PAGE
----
Well, I saw two members of the audience making a premature exit. This is a play, don't forget, which depicts the rape and subsequent dismemberment of a woman, self-mutilation and, most famously, the slaughter, cooking and feeding of two sons to their mother baked in a pie.
Not that director Bill Alexander pours on the gore. Lavinia's assault and subsequent 'trimming', as one character has it, takes place offstage and the use of stage blood is restrained. Restraint, in fact, is the keyword for this production which features minimal staging and, most critically, a very reined in performance by the excellent David Bradley as the eponymous Roman general.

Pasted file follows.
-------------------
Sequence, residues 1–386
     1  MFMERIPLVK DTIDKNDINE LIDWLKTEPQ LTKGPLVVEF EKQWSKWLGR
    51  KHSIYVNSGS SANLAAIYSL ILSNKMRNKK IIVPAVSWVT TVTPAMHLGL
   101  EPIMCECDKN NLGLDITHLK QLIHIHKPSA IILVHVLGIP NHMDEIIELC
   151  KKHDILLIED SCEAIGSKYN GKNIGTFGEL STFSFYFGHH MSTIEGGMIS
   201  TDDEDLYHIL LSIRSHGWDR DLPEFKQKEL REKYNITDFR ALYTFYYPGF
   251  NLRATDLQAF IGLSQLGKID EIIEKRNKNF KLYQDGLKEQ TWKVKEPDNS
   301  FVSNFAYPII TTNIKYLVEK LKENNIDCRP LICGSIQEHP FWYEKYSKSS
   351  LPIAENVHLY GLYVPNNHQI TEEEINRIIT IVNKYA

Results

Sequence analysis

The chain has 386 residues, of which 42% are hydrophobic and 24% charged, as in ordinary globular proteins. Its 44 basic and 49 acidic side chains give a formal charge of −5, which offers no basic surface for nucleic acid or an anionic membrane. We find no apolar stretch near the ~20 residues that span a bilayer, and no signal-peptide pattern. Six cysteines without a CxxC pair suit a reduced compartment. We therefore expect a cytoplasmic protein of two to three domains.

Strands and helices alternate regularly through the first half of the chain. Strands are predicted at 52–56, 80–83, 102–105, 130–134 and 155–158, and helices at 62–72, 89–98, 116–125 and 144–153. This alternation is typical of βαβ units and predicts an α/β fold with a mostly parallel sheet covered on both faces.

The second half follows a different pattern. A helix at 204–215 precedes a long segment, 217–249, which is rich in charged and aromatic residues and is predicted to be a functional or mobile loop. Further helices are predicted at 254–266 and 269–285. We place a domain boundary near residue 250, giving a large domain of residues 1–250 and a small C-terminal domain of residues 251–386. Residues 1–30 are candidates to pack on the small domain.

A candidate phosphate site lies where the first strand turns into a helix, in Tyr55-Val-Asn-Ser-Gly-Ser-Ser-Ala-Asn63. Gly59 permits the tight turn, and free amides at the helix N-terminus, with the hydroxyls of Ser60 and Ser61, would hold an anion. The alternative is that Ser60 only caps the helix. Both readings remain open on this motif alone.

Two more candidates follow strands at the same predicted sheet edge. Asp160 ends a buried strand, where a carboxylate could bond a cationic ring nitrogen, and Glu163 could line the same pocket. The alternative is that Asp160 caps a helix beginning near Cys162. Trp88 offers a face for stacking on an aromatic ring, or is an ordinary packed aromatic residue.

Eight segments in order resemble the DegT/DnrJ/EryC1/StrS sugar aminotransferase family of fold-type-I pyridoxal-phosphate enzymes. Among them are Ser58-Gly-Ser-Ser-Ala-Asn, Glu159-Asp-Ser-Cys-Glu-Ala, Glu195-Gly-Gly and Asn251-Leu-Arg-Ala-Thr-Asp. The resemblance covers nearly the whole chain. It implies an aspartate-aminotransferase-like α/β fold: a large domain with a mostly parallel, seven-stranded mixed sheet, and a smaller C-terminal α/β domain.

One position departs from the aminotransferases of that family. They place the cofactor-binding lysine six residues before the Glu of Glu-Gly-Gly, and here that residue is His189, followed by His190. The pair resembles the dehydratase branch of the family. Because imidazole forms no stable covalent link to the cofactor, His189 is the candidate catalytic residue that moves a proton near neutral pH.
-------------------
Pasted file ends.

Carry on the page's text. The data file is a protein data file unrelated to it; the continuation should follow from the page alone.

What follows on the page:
Rangy, gaunt, he cuts an ascetic, rather than a martial figure; indeed it is some while before he begins to impose himself. Of course, as with Lear, there is a danger of starting off at too high a pitch which leaves an actor nowhere to go when the passion builds. But while Bradley leaves us in no doubt that he is a fine actor and undoubtedly finds the pathos in the more muted scenes, he is too quiescent.
By contrast, Joe Dixon as the villainous Moor, Aron, who masterminds the carnage, exults in his devilry - and the devil often has the best tunes. Dixon, who was very good in the The Malcontent and The Roman Actor last year, is simply superb and one looks forward to his tackling some of the major Shakespearian roles.
The comedy is muted; the audience unsure when, or whether, to laugh. This Titus will win few converts, but is worth seeing if only for Dixon and Tim Mitchell's beautiful lighting.
- Pete Wood